Lavabit-DOJ dispute zeroes in on encryption key ownership
Enterprises should own and manage all keys, but that's easier said than done
Computerworld - The government's insistence, in its dispute with Lavabit, that cloud service providers hand over their encryption keys when asked, has refocused attention of key ownership and management in the cloud.
Security experts agree that the best way for companies to ensure that their data is safe from snooping eyes in the cloud is to encrypt all their data and to maintain total ownership of the encryption keys. However, pulling off that feat is not always easy, practical or cheap.
Lavabit, a provider of secure hosted email services, shut down operations in August citing concerns that the FBI was coercing it into divulging personal information on its customers.
Founder Ladar Levison claimed at the time that he would rather shut down the company than be part of what he described as crimes against the American people. His actions were prompted by government demands for his company's private Secure Sockets Layer (SSL) keys for decrypting email communications believed to belong to former NSA contract worker-turned document leaker Edward Snowden.
Levison maintained that the keys would allow the government to unlock all encrypted communications belonging to Lavabit's users. He claimed the government's request was similar to someone asking for the master key to open all the rooms in a hotel, when all that was needed was access to a single room.
After initially digging in his heels and getting slapped with a $10,000 fine by a federal court, Levison finally hand-delivered a disk containing the keys to the FBI in August.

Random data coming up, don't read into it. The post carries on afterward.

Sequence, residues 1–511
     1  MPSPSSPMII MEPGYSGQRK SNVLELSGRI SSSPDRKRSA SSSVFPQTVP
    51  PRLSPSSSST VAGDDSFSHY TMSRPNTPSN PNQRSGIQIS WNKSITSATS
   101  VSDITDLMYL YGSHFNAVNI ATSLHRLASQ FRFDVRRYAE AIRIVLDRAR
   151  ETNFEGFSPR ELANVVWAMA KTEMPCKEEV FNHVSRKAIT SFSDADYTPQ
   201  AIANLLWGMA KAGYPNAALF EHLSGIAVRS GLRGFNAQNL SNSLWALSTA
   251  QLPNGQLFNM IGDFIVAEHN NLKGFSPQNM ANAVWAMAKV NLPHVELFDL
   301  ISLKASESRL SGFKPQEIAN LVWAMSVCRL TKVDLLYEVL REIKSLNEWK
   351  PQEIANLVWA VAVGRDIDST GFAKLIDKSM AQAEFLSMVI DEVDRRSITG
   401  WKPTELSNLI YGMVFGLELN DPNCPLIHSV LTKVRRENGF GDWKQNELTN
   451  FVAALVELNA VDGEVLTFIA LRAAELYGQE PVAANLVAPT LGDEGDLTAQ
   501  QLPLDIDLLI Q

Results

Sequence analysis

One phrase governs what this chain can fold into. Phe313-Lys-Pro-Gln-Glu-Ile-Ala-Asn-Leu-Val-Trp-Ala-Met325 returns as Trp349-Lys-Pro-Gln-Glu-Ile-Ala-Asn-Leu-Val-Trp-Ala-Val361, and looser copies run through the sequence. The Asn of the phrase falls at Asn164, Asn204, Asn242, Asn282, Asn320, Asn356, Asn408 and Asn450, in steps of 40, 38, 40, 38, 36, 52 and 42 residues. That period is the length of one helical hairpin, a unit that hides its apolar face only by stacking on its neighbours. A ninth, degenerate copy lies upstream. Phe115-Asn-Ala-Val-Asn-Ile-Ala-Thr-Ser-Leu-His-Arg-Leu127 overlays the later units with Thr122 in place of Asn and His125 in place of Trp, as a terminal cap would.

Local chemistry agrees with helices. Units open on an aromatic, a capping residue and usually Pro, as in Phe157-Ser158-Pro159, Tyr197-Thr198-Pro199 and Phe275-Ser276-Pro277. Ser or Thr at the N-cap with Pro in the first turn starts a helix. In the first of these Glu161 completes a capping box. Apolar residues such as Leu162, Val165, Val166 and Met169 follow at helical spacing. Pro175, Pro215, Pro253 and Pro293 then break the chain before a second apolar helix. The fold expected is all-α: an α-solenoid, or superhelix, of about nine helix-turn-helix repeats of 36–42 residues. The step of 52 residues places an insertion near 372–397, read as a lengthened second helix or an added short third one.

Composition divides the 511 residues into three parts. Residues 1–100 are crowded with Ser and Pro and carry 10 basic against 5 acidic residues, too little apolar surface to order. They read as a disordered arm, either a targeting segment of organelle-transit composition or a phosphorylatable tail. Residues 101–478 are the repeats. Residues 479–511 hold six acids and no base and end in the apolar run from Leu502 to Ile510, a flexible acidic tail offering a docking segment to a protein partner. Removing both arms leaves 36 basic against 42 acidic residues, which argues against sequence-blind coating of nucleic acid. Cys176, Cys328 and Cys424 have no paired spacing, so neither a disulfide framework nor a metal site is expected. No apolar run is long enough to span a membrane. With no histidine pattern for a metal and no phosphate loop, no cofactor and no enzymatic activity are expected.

The U.S. Department of Justice accused Levison of compromising its investigation by shutting down the company and going public with his complaints. In a motion filed in the U.S. Court of Appeals for the Fourth Circuit this week, the DOJ maintained that Levison did not have the right to thwart the government's legitimate surveillance activities by shutting down the service altogether.
The DOJ angrily dismissed Levison's "parade of hypotheticals" regarding the actions the government could take with the encryption keys and likened his actions to that of a business locking its front gate to thwart execution of a search warrant.
The situation shows why companies that want to protect their data in the cloud need to encrypt everything and maintain full control of the encryption keys.
"This disclosure issue at Lavabit is one very good example of an organization's inability to maintain ownership and control of data in traditional cloud computing environments," said Elad Yoran, CEO of Vaultive, a vendor of cloud encryption technologies. "If a third party can turn our data over without our knowledge or authorization, do we really own or control our data in the cloud?" he said.
If a company maintains its own encryption keys, the government will need to make a legal request for the keys with the company and not the cloud provider, he said. Otherwise, all they would get from the cloud provider would be "encrypted useless gibberish," he said. "This puts the power of ownership back into the hands of businesses."
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